Impounding of Vehicles and Illegal Inventory Searches in Drug Cases in Florida

The State of Florida has some of the harshest drug laws of any state in the country. Depending on what charges the state brings against you, you may be facing extended jail time dictated by mandatory minimum sentencing laws. Given how profoundly harmful, or even life-changing, a drug conviction can be, it is essential to arm yourself with a skilled Tampa Bay criminal defense lawyer if you’ve been charged with this kind of crime.

There are lots of ways the right attorney can help. Most people facing drug charges were not spotted by the police standing on a street corner or in a parking lot holding a quantity of illegal drugs out in the open. Rather, many of these charges arise subsequent to other kinds of stops initiated by the police, including routine traffic stops. Sometimes, those stops and/or the searches that stem from them were illegal.

When that happens, you can, through your capable legal counsel, potentially get the drug evidence seized in that stop thrown out, which may create a massive hole in the prosecution’s case against you. Let’s look at the recent drug case of a man in Charlotte County that lays out a pretty typical example of how these kinds of arrests can happen, and how you can get the evidence tossed.

One mid-afternoon in March 2018, a Charlotte County deputy discovered that the license plate on L.R.’s Pontiac Sunbird was invalid, so the deputy initiated a traffic stop. This, of course, was perfectly legal.

L.R. parked in the parking lot of a public park. During the stop, L.R. admitted that his driver’s license was not valid, so the deputy arrested him for driving on a suspended license. When the deputy made the arrest, L.R. locked his car upon exiting. The deputy asked for consent to search the car, but L.R. said no. Nothing impermissible about any of that.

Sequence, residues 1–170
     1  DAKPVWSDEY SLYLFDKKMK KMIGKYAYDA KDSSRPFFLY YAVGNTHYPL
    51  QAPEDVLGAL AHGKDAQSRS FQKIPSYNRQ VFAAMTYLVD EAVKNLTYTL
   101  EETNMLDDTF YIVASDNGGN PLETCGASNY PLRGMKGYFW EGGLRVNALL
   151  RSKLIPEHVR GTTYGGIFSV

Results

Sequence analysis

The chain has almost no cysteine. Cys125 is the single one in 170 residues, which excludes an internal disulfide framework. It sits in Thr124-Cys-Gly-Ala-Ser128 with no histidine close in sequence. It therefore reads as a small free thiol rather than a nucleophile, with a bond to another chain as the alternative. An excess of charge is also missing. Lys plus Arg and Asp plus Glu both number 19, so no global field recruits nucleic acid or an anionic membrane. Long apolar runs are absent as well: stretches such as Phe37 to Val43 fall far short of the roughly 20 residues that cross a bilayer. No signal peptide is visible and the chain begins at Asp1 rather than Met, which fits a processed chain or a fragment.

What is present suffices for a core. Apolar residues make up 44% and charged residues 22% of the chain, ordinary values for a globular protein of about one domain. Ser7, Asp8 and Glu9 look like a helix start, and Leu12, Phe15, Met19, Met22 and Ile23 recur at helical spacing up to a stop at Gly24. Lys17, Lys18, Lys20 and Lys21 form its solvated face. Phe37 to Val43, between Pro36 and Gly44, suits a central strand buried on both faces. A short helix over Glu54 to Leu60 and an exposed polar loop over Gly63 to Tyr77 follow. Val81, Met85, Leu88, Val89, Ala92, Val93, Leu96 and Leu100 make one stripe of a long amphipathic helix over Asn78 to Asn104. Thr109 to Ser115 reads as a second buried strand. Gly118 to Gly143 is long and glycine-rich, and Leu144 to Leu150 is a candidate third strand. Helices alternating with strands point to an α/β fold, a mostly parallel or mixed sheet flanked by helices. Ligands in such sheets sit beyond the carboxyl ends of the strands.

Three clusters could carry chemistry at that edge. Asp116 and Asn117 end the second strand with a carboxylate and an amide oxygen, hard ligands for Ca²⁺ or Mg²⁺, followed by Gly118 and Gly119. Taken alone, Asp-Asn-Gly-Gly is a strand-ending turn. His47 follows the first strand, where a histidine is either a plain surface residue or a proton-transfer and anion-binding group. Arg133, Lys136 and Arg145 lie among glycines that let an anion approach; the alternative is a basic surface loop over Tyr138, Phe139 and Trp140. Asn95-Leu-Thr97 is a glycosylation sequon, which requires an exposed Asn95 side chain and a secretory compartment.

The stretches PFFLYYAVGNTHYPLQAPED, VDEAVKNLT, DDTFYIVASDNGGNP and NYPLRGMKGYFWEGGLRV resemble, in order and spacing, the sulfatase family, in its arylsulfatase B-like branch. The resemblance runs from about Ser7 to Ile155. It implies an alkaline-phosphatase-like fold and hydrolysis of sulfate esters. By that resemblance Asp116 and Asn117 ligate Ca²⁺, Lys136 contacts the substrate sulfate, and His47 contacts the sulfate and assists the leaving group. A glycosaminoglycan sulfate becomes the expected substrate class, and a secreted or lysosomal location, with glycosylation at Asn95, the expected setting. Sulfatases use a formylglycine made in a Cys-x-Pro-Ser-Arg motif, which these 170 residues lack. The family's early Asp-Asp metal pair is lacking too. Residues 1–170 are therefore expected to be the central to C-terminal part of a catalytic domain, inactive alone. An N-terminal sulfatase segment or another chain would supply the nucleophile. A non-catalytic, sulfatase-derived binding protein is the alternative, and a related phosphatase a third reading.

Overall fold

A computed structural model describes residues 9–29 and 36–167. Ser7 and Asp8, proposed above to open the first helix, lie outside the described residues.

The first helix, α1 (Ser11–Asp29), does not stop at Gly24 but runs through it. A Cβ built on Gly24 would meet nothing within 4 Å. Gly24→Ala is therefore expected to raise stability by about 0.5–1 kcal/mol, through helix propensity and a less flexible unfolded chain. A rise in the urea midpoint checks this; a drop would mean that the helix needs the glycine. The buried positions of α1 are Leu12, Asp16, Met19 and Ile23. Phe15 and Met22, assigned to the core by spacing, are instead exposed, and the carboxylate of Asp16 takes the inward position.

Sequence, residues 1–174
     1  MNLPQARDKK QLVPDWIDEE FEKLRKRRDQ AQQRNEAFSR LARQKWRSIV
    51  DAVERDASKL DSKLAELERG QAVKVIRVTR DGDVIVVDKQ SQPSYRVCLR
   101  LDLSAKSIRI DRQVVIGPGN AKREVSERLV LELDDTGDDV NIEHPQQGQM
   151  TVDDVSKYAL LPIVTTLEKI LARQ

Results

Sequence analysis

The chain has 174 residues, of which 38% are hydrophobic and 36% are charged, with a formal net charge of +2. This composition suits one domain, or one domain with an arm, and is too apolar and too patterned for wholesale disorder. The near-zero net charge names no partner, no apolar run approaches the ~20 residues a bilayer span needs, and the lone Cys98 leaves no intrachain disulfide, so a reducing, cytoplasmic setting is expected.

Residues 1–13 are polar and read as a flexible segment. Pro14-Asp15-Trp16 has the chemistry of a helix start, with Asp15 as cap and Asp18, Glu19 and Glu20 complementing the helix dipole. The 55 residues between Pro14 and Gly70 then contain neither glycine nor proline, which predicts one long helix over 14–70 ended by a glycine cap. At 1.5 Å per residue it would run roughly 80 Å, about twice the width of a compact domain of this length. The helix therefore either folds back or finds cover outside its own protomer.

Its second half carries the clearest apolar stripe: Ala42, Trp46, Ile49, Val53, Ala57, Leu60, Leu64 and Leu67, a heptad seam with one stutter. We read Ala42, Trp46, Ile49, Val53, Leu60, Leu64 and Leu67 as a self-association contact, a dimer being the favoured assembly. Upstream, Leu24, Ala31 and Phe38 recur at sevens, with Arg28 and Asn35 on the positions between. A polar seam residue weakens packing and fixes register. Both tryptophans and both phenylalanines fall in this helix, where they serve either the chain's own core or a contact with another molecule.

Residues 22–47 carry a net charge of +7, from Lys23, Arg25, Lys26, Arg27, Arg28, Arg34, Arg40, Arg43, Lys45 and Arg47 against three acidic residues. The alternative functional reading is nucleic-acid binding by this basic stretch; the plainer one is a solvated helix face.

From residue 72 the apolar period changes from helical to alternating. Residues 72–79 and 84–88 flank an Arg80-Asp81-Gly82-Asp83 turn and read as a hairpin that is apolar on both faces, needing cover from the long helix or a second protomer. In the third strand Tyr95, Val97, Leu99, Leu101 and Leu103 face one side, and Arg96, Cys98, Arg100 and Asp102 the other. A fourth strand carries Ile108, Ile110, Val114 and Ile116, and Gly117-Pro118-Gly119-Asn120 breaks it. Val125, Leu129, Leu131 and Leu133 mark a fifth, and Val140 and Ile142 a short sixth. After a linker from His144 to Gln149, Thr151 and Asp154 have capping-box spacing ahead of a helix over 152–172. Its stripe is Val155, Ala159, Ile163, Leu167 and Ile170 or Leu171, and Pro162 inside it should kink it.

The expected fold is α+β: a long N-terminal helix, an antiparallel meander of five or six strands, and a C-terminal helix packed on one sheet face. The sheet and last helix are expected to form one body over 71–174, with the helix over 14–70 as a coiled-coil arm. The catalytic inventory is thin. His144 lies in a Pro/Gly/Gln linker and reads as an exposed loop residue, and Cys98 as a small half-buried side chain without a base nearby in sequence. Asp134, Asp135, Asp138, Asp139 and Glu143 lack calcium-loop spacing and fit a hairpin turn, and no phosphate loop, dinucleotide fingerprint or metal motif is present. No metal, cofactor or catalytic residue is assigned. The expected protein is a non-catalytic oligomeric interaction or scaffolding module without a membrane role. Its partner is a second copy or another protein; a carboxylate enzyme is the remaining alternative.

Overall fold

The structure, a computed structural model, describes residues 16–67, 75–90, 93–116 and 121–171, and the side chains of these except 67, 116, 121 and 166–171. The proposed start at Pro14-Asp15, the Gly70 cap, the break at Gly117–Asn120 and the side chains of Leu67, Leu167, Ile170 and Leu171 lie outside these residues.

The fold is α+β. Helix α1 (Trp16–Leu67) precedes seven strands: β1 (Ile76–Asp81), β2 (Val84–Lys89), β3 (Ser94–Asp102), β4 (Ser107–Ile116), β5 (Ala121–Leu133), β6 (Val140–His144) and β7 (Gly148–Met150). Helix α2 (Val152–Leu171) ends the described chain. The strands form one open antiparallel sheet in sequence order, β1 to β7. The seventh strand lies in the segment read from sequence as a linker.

After the arrest, the sheriff’s department impounded L.R.’s Sunbird. During the impoundment and related inventory search of the car, the police found drugs, which served as the basis for the criminal charges of “possession of cocaine with intent to sell or deliver, possession of paraphernalia, [and] possession of a controlled substance.”

That’s some potentially serious stuff. In this state, possession with intent to sell or deliver is a felony and carries a 5-15 year prison sentence if you’re convicted.

As L.R.’s legal team correctly identified, though, the state had a problem, which occurred when the police impounded the car. You see, when you park your car in a public place (like a parking lot as L.R. did,) they cannot simply impound your vehicle and search it without a reason. If the park where L.R. parked had been a high-crime area prone to car thefts and vehicle vandalism, then that would have been a legitimate basis to impound the Pontiac, but the state gave the court no evidence like that. Indeed, the deputy who handled the case testified that people many times parked their cars in that lot and left them there overnight.

Existence of, and Adherence to, a Standardized Procedure is Required

The Second District Court of Appeal has been clear that, to impound and search an arrestee’s vehicle, the police must have “adhered to standardized procedures” or criteria. If they didn’t, then even if the officer potentially had good reasons for deciding to impound, the search is still illegal.

In L.R.’s case, the prosecution had no evidence that the deputy followed such a procedure, or even that the sheriff’s office had such a protocol. Furthermore, when the deputy testified that he was going to call a tow truck for L.R.’s Pontiac “no matter what,” the defense had all the proof required to demonstrate that the deputy was not following standardized criteria.

That was all L.R. needed to establish that the impoundment was an unreasonable warrantless seizure and the inventory search was illegal, making all of the drug evidence inadmissible at trial.

Scenarios similar to this happen all the time. Many drug crime arrests occur subsequent to traffic stops. Sometimes, those stops are illegal. Other times, the stop was legal but the police crossed the line at a subsequent point. Either way, your freedom may depend on your ability to demonstrate that the drug evidence presented against you was obtained illegally. When you’re facing those kinds of charges, protect your rights to the maximum. Reach out to the knowledgeable Tampa Bay criminal defense attorneys at Blake & Dorsten P.A., to get the effective and zealous advocacy you need. Call us today at (727) 286-6141 to schedule your FREE initial consultation.

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